Wet weather ahead (and this past weekend) had us thinking about salamanders again. This time we encountered a different species (past posts have covered Arboreal Salamanders and Ensatinas).
The species below is the more common of the three. It prefers moist forests, but has been seen on Bodega Head. (These photographs were taken in Sebastopol.) They are almost California endemics, most common in north central California with the range barely extending into southwest Oregon.
California Slender Salamanders (Batrachoseps attenuatus) are sometimes mistaken for worms or small snakes because their bodies and tails are very elongate and their limbs are so short (it can be difficult to see the legs at first — but see photo below). Coloration is variable, with grays, browns, reds, and oranges predominant.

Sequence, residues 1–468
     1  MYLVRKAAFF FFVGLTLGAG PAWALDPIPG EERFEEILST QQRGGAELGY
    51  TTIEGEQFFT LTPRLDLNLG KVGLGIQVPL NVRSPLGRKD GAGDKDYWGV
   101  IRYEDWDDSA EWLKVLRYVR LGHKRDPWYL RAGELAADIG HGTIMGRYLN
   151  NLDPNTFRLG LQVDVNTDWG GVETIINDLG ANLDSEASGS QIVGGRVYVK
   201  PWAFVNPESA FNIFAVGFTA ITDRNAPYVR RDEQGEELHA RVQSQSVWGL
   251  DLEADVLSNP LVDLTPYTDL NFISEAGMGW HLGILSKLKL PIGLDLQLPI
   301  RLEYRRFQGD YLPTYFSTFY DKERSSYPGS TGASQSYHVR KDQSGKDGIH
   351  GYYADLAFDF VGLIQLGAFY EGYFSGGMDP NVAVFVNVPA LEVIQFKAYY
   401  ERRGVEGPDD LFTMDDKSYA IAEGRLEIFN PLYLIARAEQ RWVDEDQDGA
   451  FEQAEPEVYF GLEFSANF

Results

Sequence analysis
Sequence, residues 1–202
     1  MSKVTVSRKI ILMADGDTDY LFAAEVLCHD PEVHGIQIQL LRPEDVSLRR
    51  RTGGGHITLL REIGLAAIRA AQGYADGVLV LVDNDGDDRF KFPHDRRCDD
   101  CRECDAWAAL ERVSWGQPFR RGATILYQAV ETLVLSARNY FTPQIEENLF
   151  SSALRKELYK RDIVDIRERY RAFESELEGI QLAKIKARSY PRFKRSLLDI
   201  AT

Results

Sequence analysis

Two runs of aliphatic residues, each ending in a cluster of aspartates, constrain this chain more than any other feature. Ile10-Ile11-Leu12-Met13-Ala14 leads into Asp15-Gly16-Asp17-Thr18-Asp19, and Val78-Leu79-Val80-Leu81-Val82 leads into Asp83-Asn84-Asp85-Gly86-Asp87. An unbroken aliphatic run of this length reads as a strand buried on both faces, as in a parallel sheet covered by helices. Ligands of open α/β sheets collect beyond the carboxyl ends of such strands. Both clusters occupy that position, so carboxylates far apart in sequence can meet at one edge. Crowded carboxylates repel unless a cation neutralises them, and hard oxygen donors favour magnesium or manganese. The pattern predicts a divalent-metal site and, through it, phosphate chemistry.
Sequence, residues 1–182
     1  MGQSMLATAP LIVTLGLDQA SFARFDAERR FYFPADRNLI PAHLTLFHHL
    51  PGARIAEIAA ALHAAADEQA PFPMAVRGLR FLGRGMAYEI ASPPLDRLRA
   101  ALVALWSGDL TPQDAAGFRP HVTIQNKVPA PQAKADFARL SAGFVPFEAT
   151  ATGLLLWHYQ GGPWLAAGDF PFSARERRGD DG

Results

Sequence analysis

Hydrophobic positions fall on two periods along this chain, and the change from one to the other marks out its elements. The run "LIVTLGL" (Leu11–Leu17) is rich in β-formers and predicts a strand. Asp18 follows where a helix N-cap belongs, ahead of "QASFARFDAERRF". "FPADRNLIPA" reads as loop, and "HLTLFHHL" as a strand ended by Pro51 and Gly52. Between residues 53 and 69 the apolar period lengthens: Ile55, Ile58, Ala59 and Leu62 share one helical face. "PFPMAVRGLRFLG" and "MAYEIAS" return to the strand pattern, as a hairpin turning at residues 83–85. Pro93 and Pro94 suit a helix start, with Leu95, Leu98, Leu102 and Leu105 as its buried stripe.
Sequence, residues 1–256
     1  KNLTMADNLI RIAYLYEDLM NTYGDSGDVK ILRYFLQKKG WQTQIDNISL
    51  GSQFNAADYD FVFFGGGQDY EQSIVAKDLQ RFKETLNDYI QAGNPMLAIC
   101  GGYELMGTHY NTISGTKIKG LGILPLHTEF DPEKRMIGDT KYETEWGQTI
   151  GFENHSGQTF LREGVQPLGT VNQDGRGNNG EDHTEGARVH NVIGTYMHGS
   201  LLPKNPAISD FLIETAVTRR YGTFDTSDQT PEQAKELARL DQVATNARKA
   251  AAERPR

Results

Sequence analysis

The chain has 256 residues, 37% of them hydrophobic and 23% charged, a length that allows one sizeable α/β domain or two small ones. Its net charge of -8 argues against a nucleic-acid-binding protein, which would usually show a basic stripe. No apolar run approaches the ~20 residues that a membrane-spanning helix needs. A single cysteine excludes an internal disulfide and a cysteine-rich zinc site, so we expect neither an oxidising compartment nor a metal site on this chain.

Slender Salamanders are plethodontids, or lungless salamanders. Their entire existence is terrestrial, with eggs being laid in underground tunnels or beneath objects resting on the forest floor. Eggs are deposited when the rains begin in the fall and tiny salamanders hatch out approximately 80 days later.
This salamander displays a variety of anti-predator behaviors: coiling (see below), thrashing or springing away, crypsis, sticky skin secretions, and tail autotomy [this info from amphibiaweb.org].
Check out these beautiful silvery "eyebrows" and the hint of gold in the eyes!